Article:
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Projecting power to the world: President Trump would deny any notion of shared sovereignty (©MANDEL NGAN/AFP/Getty Images)


The origins of the political theory that underpins national sovereignty lie, of course, in Europe: more specifically, among the lawyers and academics of the middle ages, such as Marsiglio of Padua, whose Defender of the Peace argued for the separation of church and state, claiming that sovereignty lay neither with pope nor emperor, but with the people. Larry Siedentop has located the origins of liberalism among the medieval canon lawyers. Likewise, the universalism of the Enlightenment has its origins in the early Renaissance humanists. At the court of Henry VIII, there was Thomas More, whose Utopia represents an ideal state in which humanity no longer fears war or has any use for sovereignty. But there was also Thomas Starkey, whose Dialogue between Reginald Pole and Thomas Lupset of 1530 limits the sovereign powers of the monarch by a council of nobles, judges and bishops who must be consulted in between parliaments — an early form of cabinet government. A few decades later the concept of sovereignty was elaborated by Jean Bodin, but it was in the works of Thomas Hobbes around the middle of the 17th century that the theory of sovereignty was stated in its sharpest form. In his Leviathan, he set out in unprecedented detail the rights of the sovereign power in his Commonwealth. Because the people authorise the sovereign to act on their behalf, he can do them no wrong. For the same reason sovereignty is indivisible and inalienable. It is the central idea that animates Hobbesian political philosophy: “For by Art is created that great Leviathan called a Commonwealth, or state (in latin civitas) which is but an Artificial Man . . . in which the Sovereignty is an Artificial Soul, as giving life and motion to the whole body . . .”

The Trump doctrine is pure Hobbes. The President follows the philosopher in insisting that his own exercise of sovereignty, at home and abroad, is identical with that of the people: “I was elected, not to take power, but to give power to the American people, where it belongs.” By projecting power in the world, he is carrying out his sovereign duty to the American people. To delegate any of that power, for example to international institutions, would be a dereliction of duty. America under Trump will defend the West, but will do so on its own terms, subject to no constraints other than self-imposed ones. President Trump sees his own election as a sacred covenant, not between himself and the electorate, but between all Americans, to authorise him and his actions for his term of office. Hobbes would have approved: “This is the generation of that great Leviathan, or rather (to speak more reverently) that Mortal God, to which we owe under the Immortal God, our peace and defence.”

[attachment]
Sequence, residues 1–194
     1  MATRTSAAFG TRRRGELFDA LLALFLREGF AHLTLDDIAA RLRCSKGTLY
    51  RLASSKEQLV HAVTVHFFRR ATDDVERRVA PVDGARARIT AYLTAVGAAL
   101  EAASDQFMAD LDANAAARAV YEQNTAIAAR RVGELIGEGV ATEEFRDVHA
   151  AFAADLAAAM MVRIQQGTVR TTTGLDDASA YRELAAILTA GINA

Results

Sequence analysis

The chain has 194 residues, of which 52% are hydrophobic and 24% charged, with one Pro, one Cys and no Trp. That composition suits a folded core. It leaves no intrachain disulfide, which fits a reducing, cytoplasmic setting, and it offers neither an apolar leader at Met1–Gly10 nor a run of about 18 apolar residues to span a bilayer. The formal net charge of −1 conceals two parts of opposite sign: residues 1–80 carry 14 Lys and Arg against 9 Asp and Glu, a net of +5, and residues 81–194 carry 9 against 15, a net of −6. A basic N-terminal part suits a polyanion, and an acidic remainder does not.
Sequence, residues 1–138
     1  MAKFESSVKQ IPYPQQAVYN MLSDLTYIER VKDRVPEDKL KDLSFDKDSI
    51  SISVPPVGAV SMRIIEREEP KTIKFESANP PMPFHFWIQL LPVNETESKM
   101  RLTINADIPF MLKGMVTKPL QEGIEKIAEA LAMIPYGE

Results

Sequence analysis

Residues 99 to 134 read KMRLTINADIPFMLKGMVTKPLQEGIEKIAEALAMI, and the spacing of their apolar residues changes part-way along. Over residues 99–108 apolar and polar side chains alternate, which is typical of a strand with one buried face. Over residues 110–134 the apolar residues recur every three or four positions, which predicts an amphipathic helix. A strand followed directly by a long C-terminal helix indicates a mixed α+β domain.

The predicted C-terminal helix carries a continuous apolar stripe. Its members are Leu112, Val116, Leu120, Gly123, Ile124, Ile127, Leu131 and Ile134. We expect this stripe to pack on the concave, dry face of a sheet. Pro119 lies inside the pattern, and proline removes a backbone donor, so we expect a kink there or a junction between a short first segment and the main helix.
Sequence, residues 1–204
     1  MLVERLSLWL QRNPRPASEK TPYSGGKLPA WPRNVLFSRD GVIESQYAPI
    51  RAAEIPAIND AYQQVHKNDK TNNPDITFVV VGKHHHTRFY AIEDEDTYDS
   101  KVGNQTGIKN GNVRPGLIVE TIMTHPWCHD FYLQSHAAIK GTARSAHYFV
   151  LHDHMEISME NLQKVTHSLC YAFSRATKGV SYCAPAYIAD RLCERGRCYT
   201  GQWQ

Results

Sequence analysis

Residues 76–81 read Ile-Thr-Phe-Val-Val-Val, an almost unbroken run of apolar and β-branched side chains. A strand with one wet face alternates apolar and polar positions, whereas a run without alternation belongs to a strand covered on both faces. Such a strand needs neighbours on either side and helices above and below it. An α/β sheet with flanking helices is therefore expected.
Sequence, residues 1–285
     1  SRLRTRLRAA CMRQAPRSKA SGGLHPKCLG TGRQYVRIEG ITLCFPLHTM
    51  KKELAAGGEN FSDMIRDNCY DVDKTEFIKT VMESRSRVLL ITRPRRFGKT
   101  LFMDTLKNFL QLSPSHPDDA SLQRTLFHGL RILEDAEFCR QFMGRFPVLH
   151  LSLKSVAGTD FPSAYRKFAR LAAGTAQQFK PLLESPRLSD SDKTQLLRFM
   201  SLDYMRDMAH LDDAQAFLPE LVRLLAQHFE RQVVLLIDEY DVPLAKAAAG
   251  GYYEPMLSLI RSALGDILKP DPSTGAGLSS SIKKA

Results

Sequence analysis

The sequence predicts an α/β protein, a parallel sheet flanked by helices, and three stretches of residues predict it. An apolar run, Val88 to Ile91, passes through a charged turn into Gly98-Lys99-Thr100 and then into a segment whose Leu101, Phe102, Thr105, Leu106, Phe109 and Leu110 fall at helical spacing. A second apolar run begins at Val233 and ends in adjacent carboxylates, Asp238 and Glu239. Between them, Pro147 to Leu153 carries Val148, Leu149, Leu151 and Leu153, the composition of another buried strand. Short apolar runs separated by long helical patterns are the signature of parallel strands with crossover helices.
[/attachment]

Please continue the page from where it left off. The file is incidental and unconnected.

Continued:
How alien to European ears all this sounds! In unconscious imitation of the defunct mysteries of the Holy Roman Empire, the EU institutions have not so much divided as diffused sovereignty among their councils and commissions, courts and parliament, their presidents and high representatives, with their laws so numerous that leaving the Union is testing the ingenuity and patience of the oldest legislature in the world, the British Parliament. Where sovereignty lies, on which side of the dividing line in Europe between national and supranational, where indeed that line is to be drawn, depends on whom you ask, but the guiding principle is clear enough: sovereignty is located as far as possible from the democratic will of the people. Hence the shock of being confronted with undivided sovereignty, all too palpably personified in Donald Trump. He might as well be a Leviathan, a monster from the deep. For the nation state in its purest form, that he represents, is the antithesis of the “shared sovereignty” of the European Union. Indeed, Mr Trump (following Hobbes) would deny the very possibility of shared sovereignty; to him the concept is simply incoherent. Without sovereignty, many Americans would agree, “the life of man [is] solitary, poor, nasty, brutish, and short”.

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